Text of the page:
3 - cups organic chicken bone broth, preferably no salt homemade

    1 - can Muir Glen diced fire roasted tomatoes (14.5-ounce)

    2 –tablespoons Tony Chacheres seasoning (or Kosher salt & black pepper)
    1 - teaspoon crushed red pepper flakes
    1 – teaspoon fresh thyme
    2 – tablespoons tomato paste
    3 – tablespoons AP flour

    For Garnish:

    Oyster crackers
    Reserved chopped green onions
    Chopped parsley or cilantro


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    Directions

    Drain the cans of baby clams reserving the liquor. Rinse the clams and refrigerate.

    Begin by cooking the bacon in a cast iron soup pot or Dutch oven until browned and the fat rendered. Add to that the onion letting them sweat down and season with Tony C’s. After about 5 minutes, add the garlic and continue cooking until fragrant.

    Add in the tomato paste and continue to cook for a couple of minutes until mixture is uniform. Add to that the flour continuing to stir into a thickened paste for a few minutes longer. To this roux pour in the reserved clam juice and chicken broth scrapping any material on the bottom of the pot and incorporating.

    Next stir in the carrots, celery, 2/3rds of the green onions, clams, and the can of tomatoes. Bring the soup to a boil then simmer for about 20 minutes. Add Tony C’s to taste.

    Finally add the diced potatoes. Continue to cook for an additional 20 minutes or until the potatoes are firm but not mushy. Season with the thyme, red pepper flakes and remaining Tony C’s.

    Serve

    In bowls, garnishing with chopped green onions and parsley. Serve with crusty bread, a few oyster crackers and a good cabernet.


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    Enjoy this alternative chowder that will not disappoint. I also urge you to continue to explore alternatives within the chowder family to experience new and delicious flavor profiles. Now that winter is here, grab a hot bowl and hunker down on a snowy afternoon!!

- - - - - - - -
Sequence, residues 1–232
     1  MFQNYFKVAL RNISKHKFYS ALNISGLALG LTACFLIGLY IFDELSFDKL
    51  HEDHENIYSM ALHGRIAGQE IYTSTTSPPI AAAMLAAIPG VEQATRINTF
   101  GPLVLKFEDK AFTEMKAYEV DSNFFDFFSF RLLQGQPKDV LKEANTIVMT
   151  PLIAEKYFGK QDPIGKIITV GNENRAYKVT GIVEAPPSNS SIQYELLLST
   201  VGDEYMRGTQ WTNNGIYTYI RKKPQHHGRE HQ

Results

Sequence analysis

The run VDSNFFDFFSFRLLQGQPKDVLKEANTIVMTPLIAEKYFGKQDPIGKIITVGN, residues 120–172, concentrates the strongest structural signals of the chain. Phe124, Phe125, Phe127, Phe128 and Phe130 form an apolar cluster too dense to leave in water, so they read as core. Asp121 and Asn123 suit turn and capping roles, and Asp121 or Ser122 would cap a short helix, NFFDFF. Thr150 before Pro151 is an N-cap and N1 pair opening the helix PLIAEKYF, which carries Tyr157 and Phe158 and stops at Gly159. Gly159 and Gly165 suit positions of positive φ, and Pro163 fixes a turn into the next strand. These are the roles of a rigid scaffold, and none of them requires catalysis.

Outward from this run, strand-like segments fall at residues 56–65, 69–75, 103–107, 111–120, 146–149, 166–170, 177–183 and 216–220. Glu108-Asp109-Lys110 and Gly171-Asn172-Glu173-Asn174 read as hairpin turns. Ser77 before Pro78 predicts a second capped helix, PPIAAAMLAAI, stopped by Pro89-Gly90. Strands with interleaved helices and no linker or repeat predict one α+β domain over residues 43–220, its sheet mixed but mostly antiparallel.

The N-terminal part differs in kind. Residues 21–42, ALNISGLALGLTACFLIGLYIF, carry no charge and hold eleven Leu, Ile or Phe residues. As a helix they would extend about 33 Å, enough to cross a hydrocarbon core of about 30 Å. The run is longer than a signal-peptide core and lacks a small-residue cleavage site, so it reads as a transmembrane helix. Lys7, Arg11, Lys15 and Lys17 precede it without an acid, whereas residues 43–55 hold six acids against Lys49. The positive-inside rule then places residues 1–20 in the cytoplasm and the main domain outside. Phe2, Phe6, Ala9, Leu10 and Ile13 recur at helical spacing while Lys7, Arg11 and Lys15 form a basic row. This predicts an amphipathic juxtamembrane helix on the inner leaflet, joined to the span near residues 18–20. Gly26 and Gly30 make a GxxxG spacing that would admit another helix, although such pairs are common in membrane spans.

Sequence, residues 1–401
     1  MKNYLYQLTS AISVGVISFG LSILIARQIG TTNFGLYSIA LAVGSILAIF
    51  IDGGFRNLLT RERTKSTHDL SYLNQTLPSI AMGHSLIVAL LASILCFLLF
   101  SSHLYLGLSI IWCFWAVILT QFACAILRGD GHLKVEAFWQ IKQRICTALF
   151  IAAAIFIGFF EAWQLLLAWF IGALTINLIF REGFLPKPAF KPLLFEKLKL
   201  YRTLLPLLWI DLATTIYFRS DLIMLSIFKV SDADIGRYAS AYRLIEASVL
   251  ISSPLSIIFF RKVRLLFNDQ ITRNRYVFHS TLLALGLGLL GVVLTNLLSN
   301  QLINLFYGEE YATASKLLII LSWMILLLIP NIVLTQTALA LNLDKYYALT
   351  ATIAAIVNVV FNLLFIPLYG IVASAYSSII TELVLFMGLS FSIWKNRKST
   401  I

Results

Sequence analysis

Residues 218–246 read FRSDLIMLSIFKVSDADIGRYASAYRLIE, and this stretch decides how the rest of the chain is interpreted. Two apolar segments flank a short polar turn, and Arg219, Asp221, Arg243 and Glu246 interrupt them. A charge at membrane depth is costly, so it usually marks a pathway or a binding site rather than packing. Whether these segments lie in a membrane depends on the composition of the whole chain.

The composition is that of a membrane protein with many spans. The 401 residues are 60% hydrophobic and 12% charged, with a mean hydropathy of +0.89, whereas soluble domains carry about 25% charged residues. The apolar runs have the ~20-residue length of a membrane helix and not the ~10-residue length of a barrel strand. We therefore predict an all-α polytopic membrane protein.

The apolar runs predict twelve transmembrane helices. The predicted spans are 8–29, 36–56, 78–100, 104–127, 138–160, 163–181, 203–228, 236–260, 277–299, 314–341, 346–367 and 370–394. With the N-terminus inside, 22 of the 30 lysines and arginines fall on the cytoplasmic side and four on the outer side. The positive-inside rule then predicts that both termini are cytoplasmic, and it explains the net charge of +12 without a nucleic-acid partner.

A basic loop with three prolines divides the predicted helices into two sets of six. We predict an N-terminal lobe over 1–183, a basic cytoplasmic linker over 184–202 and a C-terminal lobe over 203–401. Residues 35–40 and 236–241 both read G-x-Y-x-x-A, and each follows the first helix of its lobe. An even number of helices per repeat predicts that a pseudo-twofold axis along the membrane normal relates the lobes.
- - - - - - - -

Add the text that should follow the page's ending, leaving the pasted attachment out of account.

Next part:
Until next time Troutman, trying to keep warm, is outta here !!!

    #2
    Thanks Steve. I have threatened to make a Manhattan style. You re correct about branching out some, I have made a chicken and corn, shrimp and corn, and a smoke salmon style chowder.

    Comment


    • Troutman
      Troutman commented
      Editing a comment
      Shrimp and corn is outstanding !!

    #3
    Boo! Hiss!

    Comment


    • Troutman
      Troutman commented
      Editing a comment
      Knowing that Manhattan style is a product of Rhode Island, that puts it's a stone's throw away from you right? Does that help a little?

      (plus doing a NE style would have been redundant)

    • Old Glory
      Old Glory commented
      Editing a comment
      Troutman I have actually never tried it. Yours's looks very tasty. I would not turn it down!

    #4
    Manhattan Clam Chowder, Thank you so much. Good stuff.

    Comment


      #5
      Nice write up. I’ve enjoyed the various posts with the info. Thanks for taking the time to continue to do this!

      and, I could use a bowl of this stuff right now! I’m a frozen popsicle after going out for a bike ride late this afternoon 🥶

      Comment


        #6
        Nicely done as always. I true pro.

        Comment